It seemed a pity that Spielberg and Hanks had failed to take the opportunity to explore more of Easy Company’s Holland experiences. Instead, the second half of this episode focused on Winters’ furlough in Paris and the company’s preparations for the Belgium campaign. And because of this ”Crossroads” seemed unfulfilled . . . and lacking. But it did provide an excellent performance from Damian Lewis as Richard Winters. And it featured a first-rate combat sequence and some personal interactions between the men that I found interesting. It was not a complete waste of time.

“BAND OF BROTHERS” (2001) – Episode Two “Day of Days” Commentary

“BAND OF BROTHERS” (2001) – Episode Two “Day of Days” Commentary

The last episode, ”Currahee” ended with Easy Company leaving England by air on June 5, 1944 to participate in the Allies’ invasion of Normandy. This second episode,”Day of Days” re-counts Lieutenant Richard Winters and some members of Easy Company’s experiences during the drop into France on June 5 and during their assault of the German guns at Brécourt Manor on D-Day.
Although the episode occasionally shifted to different viewpoints, the episode mainly focused upon Bill Guarnere, Donald Malarkey and especially Richard Winters. Winters became Easy Company’s new commander following the death of Lieutenant Thomas Meehan during the flight to Northern France. Before learning of Meehan’s death, Winters had to contend with the chaos and confusion that followed the airborne units’ drop into nighttime Normandy. Winters also had to deal with a hostile Guarnere, who was still angry over his older brother’s death. As for Malarkey, his first 24 hours in France proved to be interesting. He met a German prisoner-of-war who was born and raised nearly a hundred miles from him in Oregon. And he may have witnessed (or heard) the massacre of German prisoners-of-war by one Lieutenant Ronald Spiers of Dog Company. Or not. The following morning on D-Day, Winters assumed command of Easy Company and led a famous assault (which included Guarnere, Malarkey and Spiers with a few members of Dog Company) on the German artillery battery at Brécourt Manor, which was delaying the Allies’ assault upon Utah Beach.

This was a pretty good episode that featured two exciting combat sequences. The longest, of course, featured the assault upon Brécourt Manor. And I must admit that I found it very exciting. The way director Richard Loncraine shot the sequence almost made it feel as if I had been watching it in real time with very little editing. Ironically, the one action sequence that really impressed me was Easy Company’s jump into France the previous night. The sequence, which started the episode, began with the viewpoints of various characters – even Easy Company’s doomed commander, Thomas Meehan. But when the sequence focused upon Winters’ time to jump, the camera followed him from his departure from the plane to his landing on French soil. The photography and special effects used for Winters’ jump was very effective. But I found myself really impressed by those opening moments featuring the German flak that the planes conveying Easy Company to their drop zones. It struck me as exciting and terrifying and it effectively conveyed the dangerous and claustrophobic situation that Easy Company and the planes’ pilots found themselves.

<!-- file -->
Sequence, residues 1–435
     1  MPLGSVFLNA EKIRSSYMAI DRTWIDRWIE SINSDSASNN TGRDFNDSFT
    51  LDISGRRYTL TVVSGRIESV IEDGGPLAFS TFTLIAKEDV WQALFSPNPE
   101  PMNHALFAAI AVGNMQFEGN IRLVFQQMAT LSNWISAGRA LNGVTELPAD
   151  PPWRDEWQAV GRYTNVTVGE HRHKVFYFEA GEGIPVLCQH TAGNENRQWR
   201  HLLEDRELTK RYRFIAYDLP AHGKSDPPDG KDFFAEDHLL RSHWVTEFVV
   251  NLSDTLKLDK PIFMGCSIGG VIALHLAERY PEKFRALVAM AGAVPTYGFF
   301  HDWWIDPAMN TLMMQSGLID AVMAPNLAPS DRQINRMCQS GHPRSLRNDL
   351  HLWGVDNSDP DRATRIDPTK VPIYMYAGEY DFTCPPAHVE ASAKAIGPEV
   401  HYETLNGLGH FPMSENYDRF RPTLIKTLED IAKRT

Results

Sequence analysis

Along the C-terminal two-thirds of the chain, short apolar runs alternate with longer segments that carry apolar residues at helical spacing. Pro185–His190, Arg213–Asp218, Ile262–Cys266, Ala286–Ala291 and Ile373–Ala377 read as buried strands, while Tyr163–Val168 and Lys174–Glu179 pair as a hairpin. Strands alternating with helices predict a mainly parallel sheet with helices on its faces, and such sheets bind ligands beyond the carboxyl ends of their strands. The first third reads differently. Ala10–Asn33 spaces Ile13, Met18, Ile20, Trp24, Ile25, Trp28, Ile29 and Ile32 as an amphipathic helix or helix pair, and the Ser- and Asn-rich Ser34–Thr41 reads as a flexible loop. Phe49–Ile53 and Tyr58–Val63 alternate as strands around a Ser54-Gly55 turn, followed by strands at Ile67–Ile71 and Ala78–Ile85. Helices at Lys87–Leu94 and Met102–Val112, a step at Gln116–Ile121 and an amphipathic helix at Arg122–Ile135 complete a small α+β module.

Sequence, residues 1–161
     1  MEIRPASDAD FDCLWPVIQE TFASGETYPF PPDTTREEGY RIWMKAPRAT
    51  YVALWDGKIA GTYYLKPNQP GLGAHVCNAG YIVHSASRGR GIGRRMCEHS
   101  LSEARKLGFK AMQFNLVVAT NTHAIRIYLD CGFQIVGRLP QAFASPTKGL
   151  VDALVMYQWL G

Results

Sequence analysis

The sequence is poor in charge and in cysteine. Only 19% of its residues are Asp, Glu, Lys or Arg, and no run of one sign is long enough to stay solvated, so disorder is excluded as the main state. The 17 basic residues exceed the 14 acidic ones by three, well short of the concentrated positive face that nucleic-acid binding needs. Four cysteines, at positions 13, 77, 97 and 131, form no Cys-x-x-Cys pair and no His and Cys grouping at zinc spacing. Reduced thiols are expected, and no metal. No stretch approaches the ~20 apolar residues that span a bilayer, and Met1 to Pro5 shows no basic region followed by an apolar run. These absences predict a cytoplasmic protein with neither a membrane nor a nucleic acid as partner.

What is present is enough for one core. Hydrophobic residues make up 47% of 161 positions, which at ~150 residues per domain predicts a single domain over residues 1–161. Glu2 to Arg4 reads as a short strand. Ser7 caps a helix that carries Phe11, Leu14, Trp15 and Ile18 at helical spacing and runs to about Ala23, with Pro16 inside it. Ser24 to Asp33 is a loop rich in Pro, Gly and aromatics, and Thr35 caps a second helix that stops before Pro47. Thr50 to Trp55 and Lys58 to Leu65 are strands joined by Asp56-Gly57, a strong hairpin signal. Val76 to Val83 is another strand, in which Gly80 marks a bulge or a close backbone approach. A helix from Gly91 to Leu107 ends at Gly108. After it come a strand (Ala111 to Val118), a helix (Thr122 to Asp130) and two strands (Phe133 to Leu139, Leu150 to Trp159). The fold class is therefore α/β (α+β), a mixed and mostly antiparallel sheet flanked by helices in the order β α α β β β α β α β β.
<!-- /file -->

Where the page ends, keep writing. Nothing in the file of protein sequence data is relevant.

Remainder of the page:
The acting in ”Day of Days” proved to be solid. But I must admit that I cannot recall any exceptional performances. Damian Lewis continued his excellent performance as Easy Company’s premiere commander, Richard D. Winters. He handled both the dramatic and action sequences with ease. Frank John Hughes was just as effective handling William “Wild Bill” Guarnere’s emotional state during those first 24 hours of the D-Day Campaign, which varied from anger and aggression to grudging acceptance of Winters as a leader and a return to his sense of humor. And Scott Grimes was marvelous as Easy Company trooper, Donald Malarkey. Although I must admit that I found his determination to find a Luger for his younger brother a bit silly in one scene. Matthew Settle made his first appearance as Ronald Spiers, the junior officer from Dog Company, who will become Easy Company’s last commander by the end of the series. Although his appearance was minor, he gave a memorable performance as the young officer, whose aggressiveness will prove to be the talk of the 506th regiment. Actors such as Neal McDonough, Donnie Walhberg and Andrew Scott also gave solid support.

I have a few quibbles about ”Day of Days”. One, I thought the episode was a bit too short. I realize that the following episode, ”Carentan”, will also focus on the Normandy invasion. But I think that this episode could have stretched at least another 10 to 15 minutes by focusing a little more on Guarnere and Malarkey’s experiences before they and Carwood Lipton encountered Winters on the night after they dropped into France. And I must admit that I found some of the dialogue rather cheesy. I also feel that screenwriter Loncraine could have left out Winters’ narration in the episode’s last five minutes. I found it unnecessary and a little clichéd. In conclusion, ”Day of Days” turned out to be a pretty solid episode. I would never consider it as one of my favorite episodes of the miniseries. But it did feature two top-notch action sequences and good performances, especially by Damian Lewis.